Bringing in the Army
The CAM – and similar, smaller organizations – have specialized in destroying logging equipment and intimidating workers. Chilean police have struggled to address that violence, given the complicated geography and strained relations with the local population.
The CAM is thought to fund its operations by hijacking logging trucks and clandestinely selling stolen timber. It is blamed for the destruction of churches, schools and community centers; Llaitul has denied involvement in those attacks, though he said he “understands” the motives. A particularly gruesome episode involved the burning of the home of a landowner in 2013, killing two individuals and drawing renewed attention to this conflict. Near the end of his term, former President Sebastian Piñera, Boric’s predecessor, declared a state of emergency and ordered the Chilean Army to assist the police in maintaining order in the south. He also sought an increase in development assistance in the region and to expedite the return of some Mapuche land. The increased police and military presence created a greater sense of security on southern highways, but it did not end the violence. Meanwhile, relations between the Piñera administration and the Mapuche were tense; in 2018, after Camilo Catrillanca, a Mapuche, was killed in a government raid on a communal settlement, his death became a rallying cry for opposition to the government.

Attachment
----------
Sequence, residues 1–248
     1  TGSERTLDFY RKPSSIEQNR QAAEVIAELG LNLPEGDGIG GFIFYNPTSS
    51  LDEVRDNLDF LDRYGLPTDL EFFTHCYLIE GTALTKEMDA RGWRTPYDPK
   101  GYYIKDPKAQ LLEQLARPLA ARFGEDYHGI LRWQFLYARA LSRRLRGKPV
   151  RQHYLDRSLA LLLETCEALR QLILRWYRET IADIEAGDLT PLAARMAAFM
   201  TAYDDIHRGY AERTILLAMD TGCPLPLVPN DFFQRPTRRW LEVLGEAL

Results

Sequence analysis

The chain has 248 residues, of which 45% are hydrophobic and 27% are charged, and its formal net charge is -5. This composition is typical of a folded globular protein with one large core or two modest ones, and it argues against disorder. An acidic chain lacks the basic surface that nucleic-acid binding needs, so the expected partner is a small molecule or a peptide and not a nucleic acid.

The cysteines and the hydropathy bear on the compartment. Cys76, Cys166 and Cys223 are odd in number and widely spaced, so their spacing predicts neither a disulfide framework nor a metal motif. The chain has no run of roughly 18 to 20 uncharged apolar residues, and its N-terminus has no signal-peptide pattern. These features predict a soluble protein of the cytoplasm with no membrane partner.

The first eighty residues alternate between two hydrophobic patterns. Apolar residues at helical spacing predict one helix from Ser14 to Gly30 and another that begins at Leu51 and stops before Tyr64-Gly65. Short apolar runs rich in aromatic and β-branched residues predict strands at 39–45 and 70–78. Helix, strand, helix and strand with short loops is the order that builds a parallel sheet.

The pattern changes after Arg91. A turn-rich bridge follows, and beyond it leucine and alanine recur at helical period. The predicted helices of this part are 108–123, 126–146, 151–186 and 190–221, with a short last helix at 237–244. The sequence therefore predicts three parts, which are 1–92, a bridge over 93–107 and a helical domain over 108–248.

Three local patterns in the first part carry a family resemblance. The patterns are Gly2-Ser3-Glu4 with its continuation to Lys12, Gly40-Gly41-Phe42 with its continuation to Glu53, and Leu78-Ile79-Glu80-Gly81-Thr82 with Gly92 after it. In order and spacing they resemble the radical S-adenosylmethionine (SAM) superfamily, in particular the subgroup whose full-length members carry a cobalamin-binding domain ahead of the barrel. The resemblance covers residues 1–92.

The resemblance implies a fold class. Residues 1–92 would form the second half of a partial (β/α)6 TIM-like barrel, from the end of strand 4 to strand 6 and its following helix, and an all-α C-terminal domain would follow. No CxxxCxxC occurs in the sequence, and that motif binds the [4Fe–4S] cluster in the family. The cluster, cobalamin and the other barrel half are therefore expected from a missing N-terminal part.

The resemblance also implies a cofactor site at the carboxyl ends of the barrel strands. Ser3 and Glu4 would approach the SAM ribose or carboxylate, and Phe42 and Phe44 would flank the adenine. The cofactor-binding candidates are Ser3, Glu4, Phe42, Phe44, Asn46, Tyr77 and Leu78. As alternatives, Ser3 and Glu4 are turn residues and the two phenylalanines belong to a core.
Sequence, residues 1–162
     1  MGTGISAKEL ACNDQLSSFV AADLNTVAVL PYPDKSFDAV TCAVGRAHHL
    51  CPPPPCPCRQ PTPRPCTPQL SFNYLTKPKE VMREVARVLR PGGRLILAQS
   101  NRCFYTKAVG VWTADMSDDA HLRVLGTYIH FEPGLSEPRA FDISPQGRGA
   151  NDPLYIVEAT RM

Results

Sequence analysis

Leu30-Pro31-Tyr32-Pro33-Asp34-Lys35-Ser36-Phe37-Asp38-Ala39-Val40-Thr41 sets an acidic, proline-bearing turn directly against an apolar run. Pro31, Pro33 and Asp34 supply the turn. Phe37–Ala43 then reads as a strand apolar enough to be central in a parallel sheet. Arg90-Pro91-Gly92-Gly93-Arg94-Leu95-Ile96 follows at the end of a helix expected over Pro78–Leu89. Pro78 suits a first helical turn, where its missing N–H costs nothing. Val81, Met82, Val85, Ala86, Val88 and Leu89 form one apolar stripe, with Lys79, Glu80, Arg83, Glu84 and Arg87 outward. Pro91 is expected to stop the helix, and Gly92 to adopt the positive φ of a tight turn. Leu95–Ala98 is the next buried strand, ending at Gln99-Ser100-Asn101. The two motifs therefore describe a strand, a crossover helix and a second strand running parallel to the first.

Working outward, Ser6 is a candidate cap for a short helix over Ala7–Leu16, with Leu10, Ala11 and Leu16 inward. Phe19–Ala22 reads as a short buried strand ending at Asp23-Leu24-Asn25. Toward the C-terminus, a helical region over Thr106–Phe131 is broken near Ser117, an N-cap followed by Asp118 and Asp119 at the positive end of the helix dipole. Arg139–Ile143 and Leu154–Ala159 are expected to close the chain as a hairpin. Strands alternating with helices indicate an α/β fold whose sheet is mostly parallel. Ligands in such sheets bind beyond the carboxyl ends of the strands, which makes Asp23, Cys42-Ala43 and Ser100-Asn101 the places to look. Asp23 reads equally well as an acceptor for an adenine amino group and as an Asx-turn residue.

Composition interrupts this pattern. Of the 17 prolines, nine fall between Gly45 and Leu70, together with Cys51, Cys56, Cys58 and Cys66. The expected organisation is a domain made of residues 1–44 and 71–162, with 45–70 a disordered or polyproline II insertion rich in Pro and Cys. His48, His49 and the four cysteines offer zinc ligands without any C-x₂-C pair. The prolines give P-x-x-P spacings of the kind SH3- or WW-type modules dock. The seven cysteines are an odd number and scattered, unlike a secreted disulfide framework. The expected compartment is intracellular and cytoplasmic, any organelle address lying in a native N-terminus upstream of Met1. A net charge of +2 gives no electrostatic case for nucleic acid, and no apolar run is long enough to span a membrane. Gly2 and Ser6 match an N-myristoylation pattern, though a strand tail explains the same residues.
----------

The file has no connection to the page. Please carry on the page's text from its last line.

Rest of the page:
Today, the military is again active in the south, though its mission is generally limited to guaranteeing free transit on highways.”
A Different Approach
Piñera’s military deployment was heavily criticized by then-Congressman Gabriel Boric, who campaigned on promises of a less militarized approach to the conflict, including a “Plan for Good Living” that would increase spending on water, health and internet connectivity in Mapuche communities. He also promised to accelerate the return of disputed land. The new strategy, however, got off to a rocky start when Boric’s interior minister sought to visit Catrillanca’s family and was driven off by gunfire. After withdrawing the military from the south, Boric’s government reversed course amid continued violence and public criticism. Today, the military is again active in the south, though its mission is generally limited to guaranteeing free transit on highways. Every two weeks, the Boric administration asks Congress to renew the state of emergency, over the objections of important members of the president’s coalition. For its part, the CAM sees little difference in the Boric approach.